"Any time you can't walk, can't run, can't jump, it's hard to play basketball," Williams said with a chuckle, "Especially in this league. Only thing I wish is that I would've gotten surgery earlier, but what can you do? I got it now. I'm ready to go now, and I'm excited about the season."

Most of the team's gotten together at the training facility for pre-camp games, and more guys filter in each day. Sergey Karasev, Jarrett Jack, and Mason Plumlee (who just won the FIBA World Cup with Team USA in Spain) all said this was their first day with the team, and Mirza Teletovic joined them, leaving just Bojan Bogdanovic and Joe Johnson as the final Nets to join. Coach Lionel Hollins is around too, handing out morsels of information and strategy, but he's mostly in the background.

Williams said he's only played in one-on-one games against coaches up until this point -- "dummy defenses," he calls it -- but Tuesday he's supposed to begin playing bigger games against teammates. "Just take it day by day," Williams said. "Hopefully September 27th goes, I'm good to go."

As for dodgeball, Williams looked just fine. Not only did he move around with no readily visible issues, he -- and many of his Nets teammates -- played with the intensity you'd expect players to reserve for NBA games. They strategized. They didn't take it easy on opponents, particularly one team adorning faux blond mohawks that plays semi-professionally.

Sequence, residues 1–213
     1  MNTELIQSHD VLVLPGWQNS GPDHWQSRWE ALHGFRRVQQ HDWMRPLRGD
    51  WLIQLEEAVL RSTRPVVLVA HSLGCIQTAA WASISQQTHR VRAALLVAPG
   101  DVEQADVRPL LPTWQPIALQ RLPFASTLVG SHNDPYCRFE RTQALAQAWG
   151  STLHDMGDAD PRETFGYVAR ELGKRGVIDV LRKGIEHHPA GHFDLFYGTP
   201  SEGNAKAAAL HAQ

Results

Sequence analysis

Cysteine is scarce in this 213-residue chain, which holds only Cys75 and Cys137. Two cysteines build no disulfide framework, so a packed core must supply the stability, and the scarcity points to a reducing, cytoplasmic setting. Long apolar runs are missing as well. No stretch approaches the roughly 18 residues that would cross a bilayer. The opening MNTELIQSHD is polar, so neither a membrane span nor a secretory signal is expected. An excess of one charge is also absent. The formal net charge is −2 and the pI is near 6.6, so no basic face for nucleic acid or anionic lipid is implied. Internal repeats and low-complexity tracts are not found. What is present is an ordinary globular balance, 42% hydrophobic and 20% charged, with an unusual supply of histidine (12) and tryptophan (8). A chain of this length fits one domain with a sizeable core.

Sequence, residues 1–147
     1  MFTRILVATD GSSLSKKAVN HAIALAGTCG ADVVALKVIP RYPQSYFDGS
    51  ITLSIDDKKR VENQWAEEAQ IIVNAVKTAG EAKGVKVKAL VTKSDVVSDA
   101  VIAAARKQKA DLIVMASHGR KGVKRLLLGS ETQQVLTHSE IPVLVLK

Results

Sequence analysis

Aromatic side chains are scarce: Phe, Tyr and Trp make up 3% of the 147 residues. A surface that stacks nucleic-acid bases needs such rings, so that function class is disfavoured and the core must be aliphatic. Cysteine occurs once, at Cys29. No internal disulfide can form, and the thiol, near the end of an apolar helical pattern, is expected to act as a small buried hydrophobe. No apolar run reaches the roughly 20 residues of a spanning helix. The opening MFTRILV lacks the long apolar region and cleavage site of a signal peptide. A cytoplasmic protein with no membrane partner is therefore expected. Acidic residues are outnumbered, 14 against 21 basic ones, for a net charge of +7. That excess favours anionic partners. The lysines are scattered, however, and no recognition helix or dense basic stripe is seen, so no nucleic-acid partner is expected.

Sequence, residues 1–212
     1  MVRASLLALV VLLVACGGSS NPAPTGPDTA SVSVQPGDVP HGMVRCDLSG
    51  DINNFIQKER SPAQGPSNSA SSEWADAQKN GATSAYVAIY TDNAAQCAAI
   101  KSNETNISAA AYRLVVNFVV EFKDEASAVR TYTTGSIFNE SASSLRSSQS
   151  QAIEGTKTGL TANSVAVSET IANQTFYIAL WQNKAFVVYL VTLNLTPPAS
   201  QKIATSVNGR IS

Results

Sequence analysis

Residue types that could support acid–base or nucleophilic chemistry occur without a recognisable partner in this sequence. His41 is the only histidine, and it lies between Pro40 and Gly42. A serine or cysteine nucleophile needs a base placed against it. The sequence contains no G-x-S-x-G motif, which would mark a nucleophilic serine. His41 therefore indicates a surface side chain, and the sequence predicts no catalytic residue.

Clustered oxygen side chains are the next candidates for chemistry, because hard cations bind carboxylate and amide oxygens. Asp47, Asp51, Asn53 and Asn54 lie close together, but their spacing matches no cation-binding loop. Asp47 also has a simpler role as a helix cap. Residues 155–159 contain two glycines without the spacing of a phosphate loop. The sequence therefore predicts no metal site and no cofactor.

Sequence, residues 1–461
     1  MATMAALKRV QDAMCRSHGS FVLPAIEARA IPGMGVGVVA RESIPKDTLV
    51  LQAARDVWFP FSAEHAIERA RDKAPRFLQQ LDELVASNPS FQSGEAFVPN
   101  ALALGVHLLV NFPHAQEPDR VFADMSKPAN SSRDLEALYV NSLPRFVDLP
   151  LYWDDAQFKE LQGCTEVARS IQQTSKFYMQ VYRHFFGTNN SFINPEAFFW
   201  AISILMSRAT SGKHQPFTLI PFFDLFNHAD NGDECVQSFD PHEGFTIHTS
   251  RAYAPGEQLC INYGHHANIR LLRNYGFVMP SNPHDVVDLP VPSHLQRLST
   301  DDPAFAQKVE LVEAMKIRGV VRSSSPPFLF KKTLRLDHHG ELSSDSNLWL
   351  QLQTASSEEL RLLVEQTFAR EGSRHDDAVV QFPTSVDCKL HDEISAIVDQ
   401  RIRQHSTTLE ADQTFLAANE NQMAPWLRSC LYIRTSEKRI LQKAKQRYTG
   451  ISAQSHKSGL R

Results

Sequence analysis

There was one thing that separated Nets young and old. When Williams thought a player on the other side was cheating, he'd glare wide-eyed at the referee and shout his case. "WE CAUGHT IT! HE'S OUT!" Williams would often win these mind games, probably because it was his event. But on one occasion, Nets draftee Markel Brown was on the rough end of a bad call. He failed pleading his case to a dodgeball referee. The cost of being a rookie.

 

Jason Kidd, Deron Williams in March 2014. (AP)

Jason Kidd, Deron Williams in March 2014. (AP)

Mum's the word on Kidd.

Once upon a time, Brooklyn Nets guard Deron Williams and Jason Kidd were close friends, going on vacations and golfing together even before the two had a player-coach relationship. The two even have the same agent, Jeff Schwartz of Excel Sports Management.

The friendship was notable enough that the two felt the need to defend Kidd's ability to coach a friend like Williams during last season's training camp.

But Williams and Kidd haven't spoken since Kidd left the Nets after Kidd's failed power grab in June, Williams said at his Celebrity Dodge Barrage.

"I don't even know enough about the situation," Williams said. "I've heard a lot of different things, as you guys probably have. I don't know what exactly happened, but we're excited about Lionel Hollins being our next coach."